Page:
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Grass-fed Beef For Japanese Market

24 May 2010

NEW ZEALAND - Meat & Wool New Zealand’s 2010 beef promotion programme in Japan is focused on differentiating New Zealand grass-fed beef from products offered by key competitors, says General Manager of Market Development, Craig Finch.

This will be done through a range of activities in hotels, restaurants, in-store tasting promotions and media coverage of the healthy benefits of New Zealand grass-fed beef.

“Japanese consumers are among the most health-conscious in the world. Our New Zealand grass-fed beef brand aims to grow awareness of our product among Japanese consumers and position it as inherently distinct from other beef supplied to the market.”

Mr Finch says the Japanese market was significantly affected when American beef exports were banned after BSE was discovered in the United States in 2003. Restrictions on beef from United States cattle under 21 months were lifted in July 2006.

“In early 2007 Meat & Wool New Zealand launched a Japanese language New Zealand grass-fed beef logo, accompanied by the slogan ‘New Zealand grass-fed beef, grass-reared is safe and delicious’.

“We aim to connect with consumers by using messages based around the clean, green natural environment that New Zealand beef is raised in. We emphasise that cattle are free ranging and eat their natural diet of grass, our product is safe, and that grass-fed production has health and nutritional benefits.”

Japanese consumers are accustomed to grain-fed beef, as Australia and the United States have the largest presence in the market, along with the domestic Wagyu beef.

Mr Finch says this year’s beef promotion activities, which are funded by farmer levies, aim to spread awareness of New Zealand grass-fed beef and grow demand for the product.

“The most cost effective way of doing this is to participate in existing events that are designed to reach our target audience. Events conducted around sports events for young children, for example, are a good match for our focus on health and nutrition. In-store tasting promotions are another valuable platform for connecting directly with consumers, and introducing them to the taste and tenderness of New Zealand beef.”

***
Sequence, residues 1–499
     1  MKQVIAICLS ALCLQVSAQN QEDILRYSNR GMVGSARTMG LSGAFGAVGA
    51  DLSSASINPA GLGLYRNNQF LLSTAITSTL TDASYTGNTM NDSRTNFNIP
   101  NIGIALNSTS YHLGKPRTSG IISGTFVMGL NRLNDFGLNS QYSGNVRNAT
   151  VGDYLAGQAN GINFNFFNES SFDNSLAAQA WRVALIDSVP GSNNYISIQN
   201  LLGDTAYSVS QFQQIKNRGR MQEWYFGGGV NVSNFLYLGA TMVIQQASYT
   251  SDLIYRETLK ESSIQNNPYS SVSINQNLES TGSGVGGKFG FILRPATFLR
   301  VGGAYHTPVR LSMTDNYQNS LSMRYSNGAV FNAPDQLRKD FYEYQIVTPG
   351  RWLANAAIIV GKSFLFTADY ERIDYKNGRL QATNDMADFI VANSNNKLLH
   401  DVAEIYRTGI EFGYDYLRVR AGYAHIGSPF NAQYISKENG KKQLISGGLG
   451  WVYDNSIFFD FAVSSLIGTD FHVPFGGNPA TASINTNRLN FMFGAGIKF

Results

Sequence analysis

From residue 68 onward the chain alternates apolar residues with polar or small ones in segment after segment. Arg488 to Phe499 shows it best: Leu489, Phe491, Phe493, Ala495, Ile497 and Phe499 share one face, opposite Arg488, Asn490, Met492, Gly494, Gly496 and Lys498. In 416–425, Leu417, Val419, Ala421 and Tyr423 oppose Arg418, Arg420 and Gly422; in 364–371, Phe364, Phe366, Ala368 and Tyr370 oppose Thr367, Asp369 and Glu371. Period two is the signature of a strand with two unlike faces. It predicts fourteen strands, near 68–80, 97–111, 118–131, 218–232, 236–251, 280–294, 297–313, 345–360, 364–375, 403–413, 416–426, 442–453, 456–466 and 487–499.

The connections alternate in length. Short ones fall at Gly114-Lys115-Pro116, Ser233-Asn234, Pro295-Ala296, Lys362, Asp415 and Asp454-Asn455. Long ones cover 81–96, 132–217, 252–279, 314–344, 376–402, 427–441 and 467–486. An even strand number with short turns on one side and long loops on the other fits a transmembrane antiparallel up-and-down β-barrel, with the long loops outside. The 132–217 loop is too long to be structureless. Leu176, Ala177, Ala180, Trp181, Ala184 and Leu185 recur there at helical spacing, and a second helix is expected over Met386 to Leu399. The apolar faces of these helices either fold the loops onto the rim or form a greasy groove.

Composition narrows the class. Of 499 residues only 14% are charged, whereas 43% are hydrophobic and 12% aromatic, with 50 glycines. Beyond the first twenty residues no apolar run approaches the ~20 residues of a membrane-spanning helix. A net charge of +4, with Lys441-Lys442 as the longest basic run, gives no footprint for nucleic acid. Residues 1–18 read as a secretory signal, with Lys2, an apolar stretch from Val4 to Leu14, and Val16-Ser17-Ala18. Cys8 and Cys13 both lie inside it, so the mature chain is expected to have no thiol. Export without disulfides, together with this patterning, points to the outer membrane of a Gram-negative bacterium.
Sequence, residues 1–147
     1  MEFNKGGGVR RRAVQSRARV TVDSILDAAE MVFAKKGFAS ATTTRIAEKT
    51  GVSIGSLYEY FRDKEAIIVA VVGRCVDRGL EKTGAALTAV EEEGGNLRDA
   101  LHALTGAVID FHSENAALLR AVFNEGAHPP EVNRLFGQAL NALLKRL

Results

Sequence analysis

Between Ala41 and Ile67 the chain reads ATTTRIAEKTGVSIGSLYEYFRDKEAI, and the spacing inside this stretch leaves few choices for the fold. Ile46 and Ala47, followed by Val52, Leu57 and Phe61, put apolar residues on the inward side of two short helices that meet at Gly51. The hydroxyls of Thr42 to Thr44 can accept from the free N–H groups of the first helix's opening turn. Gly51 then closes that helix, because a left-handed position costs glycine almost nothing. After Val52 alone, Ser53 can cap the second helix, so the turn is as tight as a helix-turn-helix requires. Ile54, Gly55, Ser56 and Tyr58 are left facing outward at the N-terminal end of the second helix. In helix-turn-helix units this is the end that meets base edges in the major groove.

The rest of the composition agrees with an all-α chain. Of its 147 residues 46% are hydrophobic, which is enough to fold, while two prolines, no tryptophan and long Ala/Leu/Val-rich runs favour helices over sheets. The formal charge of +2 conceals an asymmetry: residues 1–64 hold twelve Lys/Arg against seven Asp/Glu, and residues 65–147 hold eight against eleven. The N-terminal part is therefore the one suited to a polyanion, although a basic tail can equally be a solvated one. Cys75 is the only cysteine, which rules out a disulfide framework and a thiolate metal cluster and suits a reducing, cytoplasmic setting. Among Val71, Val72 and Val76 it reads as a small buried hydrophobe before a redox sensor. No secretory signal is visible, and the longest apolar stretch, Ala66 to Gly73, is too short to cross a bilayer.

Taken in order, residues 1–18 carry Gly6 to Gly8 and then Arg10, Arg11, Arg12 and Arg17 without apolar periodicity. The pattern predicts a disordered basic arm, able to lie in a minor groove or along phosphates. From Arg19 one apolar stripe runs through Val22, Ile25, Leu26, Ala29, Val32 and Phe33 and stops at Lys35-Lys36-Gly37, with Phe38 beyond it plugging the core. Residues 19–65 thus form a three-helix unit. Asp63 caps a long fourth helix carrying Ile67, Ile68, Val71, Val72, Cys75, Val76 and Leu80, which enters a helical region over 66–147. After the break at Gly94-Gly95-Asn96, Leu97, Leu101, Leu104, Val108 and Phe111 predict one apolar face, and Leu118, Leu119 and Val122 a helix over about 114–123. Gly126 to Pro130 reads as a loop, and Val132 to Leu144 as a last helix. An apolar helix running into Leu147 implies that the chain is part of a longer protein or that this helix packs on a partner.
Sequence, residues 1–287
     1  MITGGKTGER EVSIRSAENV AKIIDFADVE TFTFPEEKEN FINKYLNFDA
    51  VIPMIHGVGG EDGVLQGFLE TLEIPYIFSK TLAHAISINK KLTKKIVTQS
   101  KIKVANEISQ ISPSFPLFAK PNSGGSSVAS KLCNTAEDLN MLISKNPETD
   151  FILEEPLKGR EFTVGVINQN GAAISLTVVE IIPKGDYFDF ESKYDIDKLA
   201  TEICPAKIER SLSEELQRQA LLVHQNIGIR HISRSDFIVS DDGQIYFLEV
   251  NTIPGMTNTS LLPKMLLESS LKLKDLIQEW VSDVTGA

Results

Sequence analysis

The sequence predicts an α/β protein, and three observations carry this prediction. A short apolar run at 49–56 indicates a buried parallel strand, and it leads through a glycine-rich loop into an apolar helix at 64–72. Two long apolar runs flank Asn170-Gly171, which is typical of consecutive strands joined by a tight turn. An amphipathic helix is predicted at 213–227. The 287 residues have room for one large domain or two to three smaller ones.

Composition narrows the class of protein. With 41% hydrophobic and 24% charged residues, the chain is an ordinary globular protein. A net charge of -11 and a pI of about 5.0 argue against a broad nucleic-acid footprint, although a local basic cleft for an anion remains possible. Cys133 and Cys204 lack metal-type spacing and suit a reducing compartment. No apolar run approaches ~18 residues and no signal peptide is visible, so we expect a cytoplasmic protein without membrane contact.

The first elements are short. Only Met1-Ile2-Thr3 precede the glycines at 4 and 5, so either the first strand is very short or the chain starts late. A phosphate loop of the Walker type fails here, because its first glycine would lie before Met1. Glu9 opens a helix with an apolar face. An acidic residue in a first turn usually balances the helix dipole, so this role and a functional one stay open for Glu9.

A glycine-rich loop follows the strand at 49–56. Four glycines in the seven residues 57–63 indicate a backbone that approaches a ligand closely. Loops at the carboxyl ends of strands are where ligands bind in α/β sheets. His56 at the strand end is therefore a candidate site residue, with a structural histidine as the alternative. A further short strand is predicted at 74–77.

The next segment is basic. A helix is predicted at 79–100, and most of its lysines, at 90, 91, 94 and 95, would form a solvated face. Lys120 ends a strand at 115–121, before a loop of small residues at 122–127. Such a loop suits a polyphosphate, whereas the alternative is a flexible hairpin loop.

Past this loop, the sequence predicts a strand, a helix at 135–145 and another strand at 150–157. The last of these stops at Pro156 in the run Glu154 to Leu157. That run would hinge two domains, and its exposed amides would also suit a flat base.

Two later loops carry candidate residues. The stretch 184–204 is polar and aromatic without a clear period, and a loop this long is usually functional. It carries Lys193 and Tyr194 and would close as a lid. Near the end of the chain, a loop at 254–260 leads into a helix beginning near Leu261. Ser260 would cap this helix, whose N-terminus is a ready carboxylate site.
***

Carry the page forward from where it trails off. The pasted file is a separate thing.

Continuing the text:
Meat & Wool New Zealand also works with media outlets and the food service sector to highlight the merits of New Zealand grass-fed beef and enlist their support in spreading the message.

“For example, we’ve had positive feedback and pleasing diner numbers during a two-month promotion underway at the Pan Pacific Yokohama Bay Hotel in Tokyo. And early next month Beef & Lamb New Zealand ambassador chef Darren Wright will visit Tokyo and prepare a grass-fed beef dinner at the New Zealand Embassy for targeted food and lifestyle media.”

Mr Finch says all activities are supported with promotional materials which have a consistent design and are aimed at educating users on the unique characteristics and benefits of New Zealand grass-fed beef.

“They also reinforce the key messages that New Zealand grass-fed beef is healthy and nutritious, safe, natural, environmentally friendly and sustainable, delicious and premium.”

TheCattleSite News Desk



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